Five Tips for Making a Better Wedding Slideshow

Intro by Skip Cohen
Welcome to Photodex Friday.  The idea for this series came out of me noticing the number of artists who are missing one opportunity after another by not offering slideshows as a service/product to their clients. So, I spoke with the team at Photodex, and here we are with the first installment. While parts of this first post might be pretty basic for some of you, think of it as a review. It’s important for you to start learning to visualize the slide show before you put it together. 

Why Friday? Because many of you are wedding photographers, and we want to give you things to think about before you head into the chaos of the wedding. With a little help from Photodex, I want to share concepts on how to create great slideshows that will be on your mind as you’re shooting over the next 24-48 hours at an actual wedding!

One of the biggest challenges you have is making your work different from your competitors. Offering slideshows gives you a chance to truly be a storyteller. Plus, done right you’ll exceed client expectations every time. Remember your goal is to make yourself habit-forming!

Learn more about Photodex with a click on the banner above. Check out their blog too – there’s always helpful information from some of the most creative artists in photography!

Welcome to Photodex Friday!


Image copyright William Innes. All rights reserved.

1. It starts with the Shoot! Wedding Prep – Scope out the Venue

  • Location (see what the venue has to offer)
  • Talk to the onsite staff and coordinator to see if there are private areas for use, and things to be aware of on the day of the event. (In terms of networking – build a relationship with the venue staff. You’ll need their help at future events too.)
  • Lighting (measure lighting, and bring a test subject if you can. It’s great to take some pre-event shots and if you can have them wear white it will help you that much more.) 
  • Note the time of day the event will occur. Try and work around those times to become familiar with what lighting you will be working with on the wedding day.   *Pro-Tip: Whether formal or just in your head – tie your shot list around these times to utilize peak hours of sunlight or potential issues with poorly lit areas after a certain time of day where you may be setting up studio lighting.
  • Note Backdrops and Scene-scapes and factor them into your shot list. We know most of you, especially if you’re more experienced don’t work with a formal shot list. However, since you’re working to tell the story in a slideshow there are some key shots you want to make sure you get which will become key anchor points in your storytelling.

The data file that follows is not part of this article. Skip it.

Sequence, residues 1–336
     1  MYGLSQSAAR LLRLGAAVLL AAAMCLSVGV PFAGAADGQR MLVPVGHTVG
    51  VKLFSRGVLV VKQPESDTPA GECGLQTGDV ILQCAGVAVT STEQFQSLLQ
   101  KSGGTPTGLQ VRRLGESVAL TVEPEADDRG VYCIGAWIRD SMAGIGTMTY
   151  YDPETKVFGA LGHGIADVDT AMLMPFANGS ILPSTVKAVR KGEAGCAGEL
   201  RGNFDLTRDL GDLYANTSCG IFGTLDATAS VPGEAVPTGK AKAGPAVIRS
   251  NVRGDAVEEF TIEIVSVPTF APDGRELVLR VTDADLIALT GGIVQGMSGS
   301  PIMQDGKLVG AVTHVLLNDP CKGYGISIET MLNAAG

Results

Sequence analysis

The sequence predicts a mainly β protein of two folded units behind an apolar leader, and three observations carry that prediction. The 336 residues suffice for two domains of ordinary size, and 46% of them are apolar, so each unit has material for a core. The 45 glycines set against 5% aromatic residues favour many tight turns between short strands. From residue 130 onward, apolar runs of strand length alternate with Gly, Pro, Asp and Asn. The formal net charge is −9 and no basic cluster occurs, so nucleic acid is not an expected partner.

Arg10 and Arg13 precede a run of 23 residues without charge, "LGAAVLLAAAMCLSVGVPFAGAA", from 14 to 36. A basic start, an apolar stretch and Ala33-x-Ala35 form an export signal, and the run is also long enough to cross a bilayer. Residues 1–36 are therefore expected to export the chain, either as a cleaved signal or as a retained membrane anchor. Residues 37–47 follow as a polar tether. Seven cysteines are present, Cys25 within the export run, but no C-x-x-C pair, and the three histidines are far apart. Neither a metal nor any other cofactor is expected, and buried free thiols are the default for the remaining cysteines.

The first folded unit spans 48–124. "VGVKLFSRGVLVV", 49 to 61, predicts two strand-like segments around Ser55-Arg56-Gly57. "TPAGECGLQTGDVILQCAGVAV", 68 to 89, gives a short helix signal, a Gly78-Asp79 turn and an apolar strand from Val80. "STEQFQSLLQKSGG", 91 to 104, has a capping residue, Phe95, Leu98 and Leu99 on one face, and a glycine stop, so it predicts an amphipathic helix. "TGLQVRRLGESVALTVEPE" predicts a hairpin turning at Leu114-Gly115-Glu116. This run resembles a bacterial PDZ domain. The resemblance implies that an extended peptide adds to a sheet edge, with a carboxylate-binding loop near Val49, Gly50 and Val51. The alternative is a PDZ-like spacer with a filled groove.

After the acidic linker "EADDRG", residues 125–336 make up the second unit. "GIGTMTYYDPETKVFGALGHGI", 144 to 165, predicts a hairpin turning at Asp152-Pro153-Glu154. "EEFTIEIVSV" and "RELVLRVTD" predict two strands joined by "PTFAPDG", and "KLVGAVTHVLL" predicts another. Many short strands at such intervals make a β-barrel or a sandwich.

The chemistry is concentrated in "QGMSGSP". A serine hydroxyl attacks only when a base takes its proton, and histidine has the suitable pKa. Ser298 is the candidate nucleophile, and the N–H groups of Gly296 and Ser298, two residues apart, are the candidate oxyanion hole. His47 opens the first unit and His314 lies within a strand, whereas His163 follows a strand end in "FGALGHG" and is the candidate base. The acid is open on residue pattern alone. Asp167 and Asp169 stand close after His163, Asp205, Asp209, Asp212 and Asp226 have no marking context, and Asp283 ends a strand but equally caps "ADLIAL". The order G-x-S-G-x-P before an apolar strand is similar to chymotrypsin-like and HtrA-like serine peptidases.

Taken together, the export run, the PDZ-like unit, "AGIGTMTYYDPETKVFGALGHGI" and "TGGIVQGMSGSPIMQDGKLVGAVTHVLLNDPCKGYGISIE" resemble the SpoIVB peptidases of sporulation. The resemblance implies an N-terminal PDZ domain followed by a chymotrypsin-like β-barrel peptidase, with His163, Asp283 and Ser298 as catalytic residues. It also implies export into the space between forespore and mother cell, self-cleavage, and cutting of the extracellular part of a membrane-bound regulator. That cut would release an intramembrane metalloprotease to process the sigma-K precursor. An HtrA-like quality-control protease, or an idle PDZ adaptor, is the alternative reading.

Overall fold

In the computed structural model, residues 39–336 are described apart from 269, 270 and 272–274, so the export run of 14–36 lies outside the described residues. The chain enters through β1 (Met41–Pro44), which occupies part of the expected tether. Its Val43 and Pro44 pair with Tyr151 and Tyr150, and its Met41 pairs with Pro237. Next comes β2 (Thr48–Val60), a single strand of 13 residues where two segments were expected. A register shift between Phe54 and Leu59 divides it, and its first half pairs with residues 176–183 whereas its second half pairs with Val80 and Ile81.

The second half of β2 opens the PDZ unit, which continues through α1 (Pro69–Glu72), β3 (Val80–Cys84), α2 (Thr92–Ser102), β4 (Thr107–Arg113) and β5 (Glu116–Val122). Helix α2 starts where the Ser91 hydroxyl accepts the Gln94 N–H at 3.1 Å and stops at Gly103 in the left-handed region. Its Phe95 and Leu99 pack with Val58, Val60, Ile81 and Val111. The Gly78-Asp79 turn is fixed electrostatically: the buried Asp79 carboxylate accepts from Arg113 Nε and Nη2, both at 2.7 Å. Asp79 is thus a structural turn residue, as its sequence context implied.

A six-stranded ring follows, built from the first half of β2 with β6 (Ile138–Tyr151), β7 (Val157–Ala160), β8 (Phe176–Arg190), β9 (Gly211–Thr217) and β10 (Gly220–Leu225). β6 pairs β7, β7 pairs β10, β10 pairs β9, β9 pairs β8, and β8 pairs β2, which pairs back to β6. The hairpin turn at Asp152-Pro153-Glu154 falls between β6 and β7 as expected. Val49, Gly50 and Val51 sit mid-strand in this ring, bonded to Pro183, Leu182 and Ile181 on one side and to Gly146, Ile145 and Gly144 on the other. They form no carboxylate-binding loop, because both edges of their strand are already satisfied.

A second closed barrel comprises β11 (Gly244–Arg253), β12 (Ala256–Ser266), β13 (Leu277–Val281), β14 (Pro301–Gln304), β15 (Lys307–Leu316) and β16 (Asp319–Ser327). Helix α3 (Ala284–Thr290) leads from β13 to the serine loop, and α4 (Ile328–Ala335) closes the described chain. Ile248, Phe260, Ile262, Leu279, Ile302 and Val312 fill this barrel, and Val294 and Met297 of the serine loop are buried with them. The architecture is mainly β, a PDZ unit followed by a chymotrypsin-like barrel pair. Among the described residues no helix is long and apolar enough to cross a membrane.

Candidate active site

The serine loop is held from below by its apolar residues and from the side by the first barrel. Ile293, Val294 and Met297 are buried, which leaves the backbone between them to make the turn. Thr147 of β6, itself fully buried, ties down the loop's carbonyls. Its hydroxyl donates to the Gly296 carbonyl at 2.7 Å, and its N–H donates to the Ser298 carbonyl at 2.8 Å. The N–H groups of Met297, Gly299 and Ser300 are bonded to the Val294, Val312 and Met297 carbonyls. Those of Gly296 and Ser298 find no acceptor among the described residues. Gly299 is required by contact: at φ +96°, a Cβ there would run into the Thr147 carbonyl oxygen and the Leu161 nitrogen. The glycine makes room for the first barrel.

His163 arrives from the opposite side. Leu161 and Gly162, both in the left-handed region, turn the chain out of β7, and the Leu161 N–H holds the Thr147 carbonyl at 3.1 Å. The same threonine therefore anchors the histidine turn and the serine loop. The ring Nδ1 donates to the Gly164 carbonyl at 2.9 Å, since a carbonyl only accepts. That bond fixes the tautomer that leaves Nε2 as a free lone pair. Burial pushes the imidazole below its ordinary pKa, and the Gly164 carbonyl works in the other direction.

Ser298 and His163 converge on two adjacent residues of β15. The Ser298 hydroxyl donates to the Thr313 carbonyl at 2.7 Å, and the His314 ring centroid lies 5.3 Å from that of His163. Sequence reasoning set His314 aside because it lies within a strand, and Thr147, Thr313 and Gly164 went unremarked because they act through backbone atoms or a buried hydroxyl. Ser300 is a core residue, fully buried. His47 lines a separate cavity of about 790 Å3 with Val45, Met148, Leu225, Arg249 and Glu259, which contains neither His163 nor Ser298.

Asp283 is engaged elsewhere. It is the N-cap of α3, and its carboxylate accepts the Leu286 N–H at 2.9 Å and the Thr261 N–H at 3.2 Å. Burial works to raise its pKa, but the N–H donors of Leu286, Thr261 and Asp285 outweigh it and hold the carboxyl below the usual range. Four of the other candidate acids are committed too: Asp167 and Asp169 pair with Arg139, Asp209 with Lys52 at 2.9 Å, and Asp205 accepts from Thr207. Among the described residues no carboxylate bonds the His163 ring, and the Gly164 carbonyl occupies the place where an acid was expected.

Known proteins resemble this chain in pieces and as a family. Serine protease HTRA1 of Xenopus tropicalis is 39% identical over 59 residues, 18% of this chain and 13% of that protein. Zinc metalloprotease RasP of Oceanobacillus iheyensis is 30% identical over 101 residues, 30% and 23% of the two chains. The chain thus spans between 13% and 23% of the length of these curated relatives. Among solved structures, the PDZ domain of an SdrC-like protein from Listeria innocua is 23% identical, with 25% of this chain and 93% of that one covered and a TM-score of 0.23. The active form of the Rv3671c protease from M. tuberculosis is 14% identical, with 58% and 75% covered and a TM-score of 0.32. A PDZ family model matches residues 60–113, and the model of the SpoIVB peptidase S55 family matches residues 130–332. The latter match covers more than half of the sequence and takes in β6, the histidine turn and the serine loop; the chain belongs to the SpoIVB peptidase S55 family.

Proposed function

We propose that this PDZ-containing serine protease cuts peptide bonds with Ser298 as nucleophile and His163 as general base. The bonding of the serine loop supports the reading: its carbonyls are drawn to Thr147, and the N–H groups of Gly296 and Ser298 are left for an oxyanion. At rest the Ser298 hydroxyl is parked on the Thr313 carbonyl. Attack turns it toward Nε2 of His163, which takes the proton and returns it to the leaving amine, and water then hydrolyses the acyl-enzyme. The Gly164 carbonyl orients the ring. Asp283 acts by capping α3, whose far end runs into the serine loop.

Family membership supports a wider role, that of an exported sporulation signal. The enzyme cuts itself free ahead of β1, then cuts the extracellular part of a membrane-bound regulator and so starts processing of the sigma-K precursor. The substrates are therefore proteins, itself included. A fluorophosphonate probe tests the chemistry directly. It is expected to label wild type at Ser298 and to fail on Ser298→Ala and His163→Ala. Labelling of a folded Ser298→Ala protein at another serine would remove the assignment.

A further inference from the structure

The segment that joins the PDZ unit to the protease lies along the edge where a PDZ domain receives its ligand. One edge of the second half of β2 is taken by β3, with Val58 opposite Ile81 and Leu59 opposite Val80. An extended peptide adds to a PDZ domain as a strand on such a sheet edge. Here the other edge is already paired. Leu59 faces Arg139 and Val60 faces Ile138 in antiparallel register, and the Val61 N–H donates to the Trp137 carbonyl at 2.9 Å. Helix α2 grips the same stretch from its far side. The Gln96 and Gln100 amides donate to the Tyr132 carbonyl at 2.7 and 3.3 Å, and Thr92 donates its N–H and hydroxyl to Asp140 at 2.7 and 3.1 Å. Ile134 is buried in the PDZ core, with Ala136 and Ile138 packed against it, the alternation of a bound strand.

2. Wedding Prep – You’ve done your homework – now think through your shot list!

For example and these are in no particular oder: First look, bridal parties both separate and together, décor, the rings, the dress, the bridal party while getting ready (makeup, dressing up, hair, suits), close ups, flowers, venue, toasts, first dance, father-daughter, mother-son, collateral, signage, cake, schedule family photo time, golden hour, etc. 

At the same time every family wants bridal images, don’t forget the “groomals”. The groom is so often over-shadowed by the bride. Also, there are some creative ideas out there with the traditional “First Look”. For example, Bob Davis photographs the couple as they get their first look at the set up for the reception. Think about this one – they’ve spent months planning everything from centerpieces to catering but rarely get to see the reception room until after it’s filled with guests!

3. Expand Upon and Narrow Down the Shot List

  • Take the list above and elaborate creatively to include the specific count per each key shot category. This will help you to keep track of the time for your slideshow. 
  • While many of you do very little in the traditional posed categories, you still need a few tried and true standards. Joe Buissink tells a story about a bride who wanted absolutely NO posed images, but after the event her mother wanted to know why there wasn’t a traditional bridal portrait done. Learn how to do formal poses so it’s a natural part of your skill set.

4. Taking Video at the Event

  • While many of you don’t normally shoot video, consider working on your skill set to include the ability for some short 6-10 second clips. This will add another dimension to your final slide show.
  • Consider capturing some time lapse video as well.

5. After the Event – Editing

  • Pick your favorite 65-75 images including a few video clips to add more dimension to the story.
  • Tell your story in much the same way you might lay out the album. As you tell the story, pretend you’re adding a narrative track. Tell the story in a logical sequence and remember to use only your very best images. 

Coming up next week – putting everything together in your wedding slide show – with all the necessary bells and whist


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